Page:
‘The Casual Vacancy’ proves powerful, heartbreaking

Lauren Puckett

Photo used under fair use doctrine
I know a book is powerful when I close that final page and all I feel is a distinct numbness. It’s as if I’ve been tossed back into the world and can’t quite recognize my surroundings. I feel moved and a little lost.
If any author has proved that she can evoke this sensation, it’s J.K Rowling. The bestselling author of the Harry Potter series has proved again and again that she can twist heartstrings until they bleed, while also spinning brilliant plots with characters that become your best friends. I cried when I finished the final Harry Potter book, not because the ending was sad, but because I wasn’t ready to leave Hogwarts, to be transported back to my own, un-magical, Muggle world.
Fortunately, Rowling is not finished writing. She’s picked up the pen and paper once again, and handed us her latest adult novel, titled simply “The Casual Vacancy.”
The premise, at first glance, seems relatively mundane. A young man on a small town council dies from a brain aneurysm, leaving a “casual vacancy” on the council, and the people of his town battle for the position. Boring, right?
Wrong. Something about Rowling’s intuition–her innate understanding of characters–allows her to turn the tiniest small town into a hub of culture. The characters come alive in each paragraph, as corruption reveals itself in the unlikeliest of forms. A high schooler from a respectable family begins cutting herself. The son of a headmaster dives into cigarettes and sex. A depressed social worker helps a heroin-addicted mother take control of her children’s lives.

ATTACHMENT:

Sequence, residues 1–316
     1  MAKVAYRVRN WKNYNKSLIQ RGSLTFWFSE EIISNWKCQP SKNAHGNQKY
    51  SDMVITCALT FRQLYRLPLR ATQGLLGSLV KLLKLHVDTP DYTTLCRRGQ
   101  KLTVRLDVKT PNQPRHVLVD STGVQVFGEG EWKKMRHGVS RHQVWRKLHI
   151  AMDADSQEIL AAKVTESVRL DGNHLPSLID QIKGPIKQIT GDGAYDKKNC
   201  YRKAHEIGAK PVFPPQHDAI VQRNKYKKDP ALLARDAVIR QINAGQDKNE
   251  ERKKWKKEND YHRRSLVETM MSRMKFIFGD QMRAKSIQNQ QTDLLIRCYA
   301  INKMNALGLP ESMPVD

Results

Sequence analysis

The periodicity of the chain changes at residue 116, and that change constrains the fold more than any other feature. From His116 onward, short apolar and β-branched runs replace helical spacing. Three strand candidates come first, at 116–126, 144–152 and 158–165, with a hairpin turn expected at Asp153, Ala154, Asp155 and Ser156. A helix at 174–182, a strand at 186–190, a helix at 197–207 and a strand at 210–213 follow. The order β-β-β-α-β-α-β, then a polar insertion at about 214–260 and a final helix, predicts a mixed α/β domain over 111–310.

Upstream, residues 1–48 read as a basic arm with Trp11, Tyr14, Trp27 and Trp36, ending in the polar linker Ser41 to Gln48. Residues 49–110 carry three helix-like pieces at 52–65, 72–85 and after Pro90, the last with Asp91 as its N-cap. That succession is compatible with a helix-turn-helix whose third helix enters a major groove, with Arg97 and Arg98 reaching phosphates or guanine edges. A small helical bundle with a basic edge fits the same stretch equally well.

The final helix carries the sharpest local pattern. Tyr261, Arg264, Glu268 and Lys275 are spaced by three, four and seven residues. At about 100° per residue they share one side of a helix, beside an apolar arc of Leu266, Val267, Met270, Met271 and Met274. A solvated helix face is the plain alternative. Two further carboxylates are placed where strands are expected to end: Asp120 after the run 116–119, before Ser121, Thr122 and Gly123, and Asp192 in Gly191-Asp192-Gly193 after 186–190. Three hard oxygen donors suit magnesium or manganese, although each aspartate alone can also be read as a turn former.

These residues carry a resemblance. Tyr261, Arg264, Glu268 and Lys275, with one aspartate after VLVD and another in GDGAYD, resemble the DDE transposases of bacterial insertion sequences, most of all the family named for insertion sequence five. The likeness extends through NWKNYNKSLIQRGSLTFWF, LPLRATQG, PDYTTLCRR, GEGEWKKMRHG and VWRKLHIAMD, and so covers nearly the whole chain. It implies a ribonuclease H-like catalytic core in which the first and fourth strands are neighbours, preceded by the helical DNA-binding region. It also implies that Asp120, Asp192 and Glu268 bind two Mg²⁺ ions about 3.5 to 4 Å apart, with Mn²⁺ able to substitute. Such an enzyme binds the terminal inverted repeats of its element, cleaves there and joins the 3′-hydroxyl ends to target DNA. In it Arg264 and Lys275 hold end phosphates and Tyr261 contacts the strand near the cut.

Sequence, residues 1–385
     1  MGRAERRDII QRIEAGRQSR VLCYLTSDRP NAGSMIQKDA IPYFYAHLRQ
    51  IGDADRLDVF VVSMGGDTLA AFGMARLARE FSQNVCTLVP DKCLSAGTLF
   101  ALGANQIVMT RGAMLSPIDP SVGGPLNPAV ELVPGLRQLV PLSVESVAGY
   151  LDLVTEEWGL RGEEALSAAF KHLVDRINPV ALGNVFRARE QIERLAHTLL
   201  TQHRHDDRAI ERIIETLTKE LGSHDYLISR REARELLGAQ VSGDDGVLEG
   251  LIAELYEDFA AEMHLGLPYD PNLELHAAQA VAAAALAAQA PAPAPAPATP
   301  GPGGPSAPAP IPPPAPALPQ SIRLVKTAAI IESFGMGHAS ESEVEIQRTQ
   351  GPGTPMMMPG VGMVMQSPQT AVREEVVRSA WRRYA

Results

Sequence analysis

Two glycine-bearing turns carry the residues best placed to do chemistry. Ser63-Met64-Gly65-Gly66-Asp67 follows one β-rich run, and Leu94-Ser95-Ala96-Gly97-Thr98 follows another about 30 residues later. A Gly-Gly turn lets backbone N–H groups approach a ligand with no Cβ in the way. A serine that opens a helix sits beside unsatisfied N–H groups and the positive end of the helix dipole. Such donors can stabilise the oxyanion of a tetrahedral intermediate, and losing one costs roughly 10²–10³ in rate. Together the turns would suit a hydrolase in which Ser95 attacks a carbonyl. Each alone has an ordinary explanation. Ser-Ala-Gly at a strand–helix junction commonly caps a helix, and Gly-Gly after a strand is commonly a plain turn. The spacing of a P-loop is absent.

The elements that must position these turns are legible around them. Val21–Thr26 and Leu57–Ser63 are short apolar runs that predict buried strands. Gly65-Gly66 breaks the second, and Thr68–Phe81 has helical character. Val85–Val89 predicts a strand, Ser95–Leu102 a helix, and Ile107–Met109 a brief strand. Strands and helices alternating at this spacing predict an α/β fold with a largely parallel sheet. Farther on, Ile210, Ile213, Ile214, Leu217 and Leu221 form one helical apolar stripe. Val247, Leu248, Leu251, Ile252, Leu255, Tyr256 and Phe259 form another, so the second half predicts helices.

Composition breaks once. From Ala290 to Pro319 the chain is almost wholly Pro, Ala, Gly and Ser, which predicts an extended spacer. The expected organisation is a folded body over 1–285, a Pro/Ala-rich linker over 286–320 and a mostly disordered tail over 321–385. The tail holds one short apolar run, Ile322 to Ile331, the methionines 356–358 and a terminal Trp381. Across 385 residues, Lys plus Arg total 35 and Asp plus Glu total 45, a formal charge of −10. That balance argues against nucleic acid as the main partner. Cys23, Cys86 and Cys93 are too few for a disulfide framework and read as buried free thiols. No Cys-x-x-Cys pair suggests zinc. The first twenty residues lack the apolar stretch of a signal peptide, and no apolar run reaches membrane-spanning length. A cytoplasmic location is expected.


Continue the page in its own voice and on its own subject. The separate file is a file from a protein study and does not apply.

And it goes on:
A third person omniscient point of view enhances each of these characters, allowing Rowling to explore everyone’s day-to-day lives, from the strict Parminder Jawanda to the callous Krystal Weedon. Every paragraph is rich in detail and realism, hitting the reader almost too close to home.
Unfortunately, this is where Rowling’s problems pop out from under the text. The author is a positively brilliant storyteller, and yet the writing is so vivid, so heavy, that it begins to wear on the reader’s brain. And I don’t just mean run-on sentences or overuse of adjectives. I mean that the characters become so grotesquely familiar, so cruel and angry, that all the reader can register is depression. We lose the message behind the book, directing us towards political corruption and selfish vanity, and instead all we can think is, “Wow, this book makes me feel horrible.”
Perhaps Rowling’s looming tower of Potter made her overshoot her standards. Perhaps she’s tried too hard to tie us to a “real world,” and instead has lost the beauty and happiness that made the Potter books shine. Personally, I missed smiling while I read “The Casual Vacancy.”
However, the book is still a strong rendition of the darkness lurking in civil society. It reminds us of our own pride, of the less fortunate, and the reasons why power comes with responsibility.
“The Casual Vacancy” isn’t Potter, but it still has a magic of its own.
By Lauren Puckett